Iran is standing on the verge of chaos after sitting President Mahmoud Ahmadinejad won the first stage of the presidential election in the country on June 12. His three rivals received less than a third of all votes, which triggered massive riots across the nation. Mir-Hossein Mousavi, who obtained 33 percent of the votes cast, stated that the election had been totally fabricated. Two other candidates - Mohsen Rezaee, former Commander of the Iranian Revolutionary Guard, and Mehdi Karroubi, former Speaker of the Majlis, - said that they would support Moussavi in his endeavor to revise the election results.
Electors in the East traditionally vote for the candidates from their territories, where they reside. The tradition did not work this time. For example, Ahmadinejad received five times more votes in Moussavi’s native city of Tabriz. The results in the Province of Lorestan turned out to be fantastic: the sitting president of Iran enjoyed 18 times more votes than Karroubi, a native of the province. This is probably the reason why the candidates cast doubts on the official results of the vote.
Ahmadinejad claimed that the riots had been organized by external forces and said that he would be ready to establish law and order in the country militarily.
Sergey Demidenko, an expert with the Institute for Strategic Analysis, told Pravda.Ru that the current riots did not mark anything extraordinary for Iran.
“Such things occur there periodically. It happened in 1999, 2000 and in 2006. The driving force of the riots is the people who strive for changes in the country – mostly the youth, including students. They gather around Moussavi, who is deeply concerned about the results of the vote. The protests will not lead to anything – no one is going to revise the results of the Iranian election, they are final. Ahmadinejad is the winner and that’ s it.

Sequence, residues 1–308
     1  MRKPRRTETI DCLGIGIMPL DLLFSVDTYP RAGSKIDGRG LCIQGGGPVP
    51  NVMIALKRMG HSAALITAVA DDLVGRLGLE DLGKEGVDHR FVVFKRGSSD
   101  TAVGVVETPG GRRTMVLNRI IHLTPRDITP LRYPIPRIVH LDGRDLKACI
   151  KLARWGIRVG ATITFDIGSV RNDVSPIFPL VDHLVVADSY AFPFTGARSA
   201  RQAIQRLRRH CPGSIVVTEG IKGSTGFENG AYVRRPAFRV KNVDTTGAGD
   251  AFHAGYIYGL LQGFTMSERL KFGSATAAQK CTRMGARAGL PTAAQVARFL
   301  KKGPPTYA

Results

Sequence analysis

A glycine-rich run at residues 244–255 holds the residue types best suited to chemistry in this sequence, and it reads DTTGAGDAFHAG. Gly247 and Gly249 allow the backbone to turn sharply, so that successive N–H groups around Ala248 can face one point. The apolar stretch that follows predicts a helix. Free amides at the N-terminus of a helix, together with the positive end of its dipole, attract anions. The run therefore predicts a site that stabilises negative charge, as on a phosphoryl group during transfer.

“It would not be correct to look for any implication of the USA or the West here. All candidates go through the Supervisory Council, which has a very strict selective procedure at this point. It would never let a pro-Western Iranian run for president if he would be ready to infringe upon the state organization of the country, including the predominance of spiritual authorities over the secular power,” the specialist said.
The president is not the most important persona in Iran. It is the prerogative of Ayatollah – the spiritual leader of Shiite Muslims. Anyone willing to change this will not be allowed to run.
It is worthy of note that Iran’s supreme leader, Ayatollah Ali Khamenei urged the protesters on June 14 to recognize the results of the vote and refrain from provocative actions and statements. The people did not hear their leader. Ahmadinejad’s prime rival, Moussavi, addressed the spiritual leaders of the nation with an appeal not to take a silent position claiming that the Islamic Republic may turn into a despotic regime.
The protesters throw stones and gasoline bombs at the police and use the successful tactics of the 1979 Islamic Revolution. They climb onto the roofs and use loud-speakers to call everyone to stand up against the authorities.
Will the Iranian authorities be able to clean up the mess in the country? Foreign journalists are already being expelled from Iran, which may show that the government is taking measures to use military forces to subdue the riots.